Saturday, August 08, 2015

Porn, prudes and the parampara of optimism

The state has a duty to protect me from others but not from myself. This is the premise behind our Constitution, which reposes trust in me as a responsible citizen and gives me freedom to pursue my life in peace without interference from the state. Hence, the government was wrong in banning 857 pornography sites last weekend. To its credit, it realized its mistake by Tuesday and reversed its stand: it unbanned adult sites while rightly retaining the ban on child pornography.

In defending its ban, Union minister Ravi Shankar Prasad appealed to India’s culture and tradition. This was also a mistake. India’s cultural history is almost unique in recognizing sexual desire as a highly positive quality in human beings and celebrates it. If creation begins with light in the Judeo-Christian tradition of the West (when God says “let there be light”), in India it begins with kama, ‘desire’. “Kama is the seed of desire in the mind of the One, which gave birth to the cosmos” (Rig Veda, 10.129).

Early on, ancient Indians understood that kama is the source of creation, procreation and, indeed, all action. They elevated it to trivarga, one of the three goals of the human life. They even created an intoxicating deity in its name and built a charming mythology around it. Kama optimism reached its zenith in the classical period of Indian history, culminating in Sanskrit love poetry, the Kamasutra, and a culture of erotic sringara rasa in the courtly life of the Gupta Empire and of Harsha. The erotic temple sculptures at Khajuraho and Konark logically followed.

How did the once open-minded, optimistic Indians become today’s prudes? We tend to blame Muslim and British invaders (and they did have something to do with it — particularly, prissy Victorians of the British Raj). But Hindus were also pessimistic about kama. The attack against kama came from renouncers and ascetics who worried about its power to undermine spiritual progress. The Upanishads, Buddha, and sundry sanyasis denounced it and Shiva, the erotic ascetic, even burned the god of love.

Caught between optimists and pessimists, the ordinary person was confused. While desire was a source of joy, he realized that it could easily get out of hand. The dharma texts came to his rescue and offered a compromise. They accepted kama’s positive qualities but decreed that it must be confined to procreation within marriage. Thus, monogamy became the norm. But human beings are not governed by instinct alone. Desire travels from our senses to our imagination, creating a fantasy around a specific person. This gave rise to sexual love, which was expressed first as sringara rasa in Sanskrit and Prakrit love poetry and later as romantic love in bhakti, finding its greatest expression in Jayadeva’s Gitagovinda.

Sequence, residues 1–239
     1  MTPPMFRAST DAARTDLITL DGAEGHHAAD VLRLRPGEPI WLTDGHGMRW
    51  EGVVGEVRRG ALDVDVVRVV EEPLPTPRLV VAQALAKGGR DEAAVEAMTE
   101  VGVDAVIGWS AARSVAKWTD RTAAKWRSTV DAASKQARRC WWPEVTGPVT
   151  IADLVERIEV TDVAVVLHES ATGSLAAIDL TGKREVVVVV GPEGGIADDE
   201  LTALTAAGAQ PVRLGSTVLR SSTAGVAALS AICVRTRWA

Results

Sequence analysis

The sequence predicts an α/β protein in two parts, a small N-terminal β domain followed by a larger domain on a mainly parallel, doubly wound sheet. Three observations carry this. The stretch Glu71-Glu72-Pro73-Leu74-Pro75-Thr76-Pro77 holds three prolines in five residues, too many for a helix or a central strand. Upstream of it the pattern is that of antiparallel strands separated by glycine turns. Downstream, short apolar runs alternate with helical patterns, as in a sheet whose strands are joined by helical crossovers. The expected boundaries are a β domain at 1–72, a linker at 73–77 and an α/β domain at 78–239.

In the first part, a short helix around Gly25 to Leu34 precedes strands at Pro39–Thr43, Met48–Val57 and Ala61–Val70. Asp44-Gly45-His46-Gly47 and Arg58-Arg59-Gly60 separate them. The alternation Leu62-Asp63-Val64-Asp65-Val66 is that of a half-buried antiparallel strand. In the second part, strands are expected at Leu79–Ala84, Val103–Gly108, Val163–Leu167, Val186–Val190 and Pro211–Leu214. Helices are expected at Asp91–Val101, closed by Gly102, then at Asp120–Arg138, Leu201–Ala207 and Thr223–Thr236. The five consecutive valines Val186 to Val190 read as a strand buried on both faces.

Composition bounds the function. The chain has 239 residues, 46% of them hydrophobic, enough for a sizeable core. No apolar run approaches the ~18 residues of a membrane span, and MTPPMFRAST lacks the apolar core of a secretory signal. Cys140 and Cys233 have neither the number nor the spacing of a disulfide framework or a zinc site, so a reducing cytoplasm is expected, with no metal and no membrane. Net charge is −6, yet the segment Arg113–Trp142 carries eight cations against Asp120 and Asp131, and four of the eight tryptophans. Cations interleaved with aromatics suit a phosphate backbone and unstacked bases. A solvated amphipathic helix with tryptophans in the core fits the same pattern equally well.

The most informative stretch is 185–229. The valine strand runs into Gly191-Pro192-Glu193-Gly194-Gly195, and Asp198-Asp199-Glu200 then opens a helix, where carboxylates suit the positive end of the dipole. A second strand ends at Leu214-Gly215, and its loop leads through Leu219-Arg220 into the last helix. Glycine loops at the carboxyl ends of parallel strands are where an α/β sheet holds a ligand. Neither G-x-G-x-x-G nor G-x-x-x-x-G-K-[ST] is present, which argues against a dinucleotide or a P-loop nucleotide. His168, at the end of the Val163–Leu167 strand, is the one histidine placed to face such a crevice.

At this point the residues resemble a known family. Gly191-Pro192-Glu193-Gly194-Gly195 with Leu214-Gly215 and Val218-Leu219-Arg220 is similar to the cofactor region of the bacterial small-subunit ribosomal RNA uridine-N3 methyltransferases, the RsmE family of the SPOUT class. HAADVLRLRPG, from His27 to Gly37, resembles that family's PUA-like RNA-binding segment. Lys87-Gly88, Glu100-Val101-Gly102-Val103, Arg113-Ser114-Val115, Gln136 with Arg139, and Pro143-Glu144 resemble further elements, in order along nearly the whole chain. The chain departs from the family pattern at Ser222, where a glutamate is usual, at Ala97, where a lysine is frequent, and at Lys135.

Instead of feeling ashamed about kama or focusing solely on its pessimistic side or turning super-prudish like the English Victorians, Minister Prasad and the Sangh Parivar should celebrate our rich kama heritage. When it comes to pornography, however, there are three legitimate concerns — sexual violence, addiction, and protecting children. As to the first, no link has been found in studies between sexual crimes and pornography. Second, porn is addictive but so is alcohol. The answer to the third lies not in curbing the freedom of adults but in exercising parental caution.

Hence, Chief Justice H L Dattu refused last month to censor internet sites, saying, “Somebody can come to the court, and say, ‘Look, I am an adult and how can you stop me from watching it within the four walls of my room?'” It violates Article 21 of the Constitution, he added, and personal liberty is integral to the fundamental right to life.

To be civilized is to be able to say: I do not eat beef but I do not object to you eating it. I do not watch porn but I do not object to your watching it. In a free, civilized country we learn to respect those who differ from us and give them plenty of breathing space. Instead of censoring and banning, let us learn from our open, exuberant parampara, which not only created a civilized space for kama but encouraged great poetry and art about love and sex. By trusting the average citizen, we shall also be true to the spirit of our Constitution.

1 comment:

Tacky said...

Thanks to the chief justice another freedom is protected. Thanks for your comments.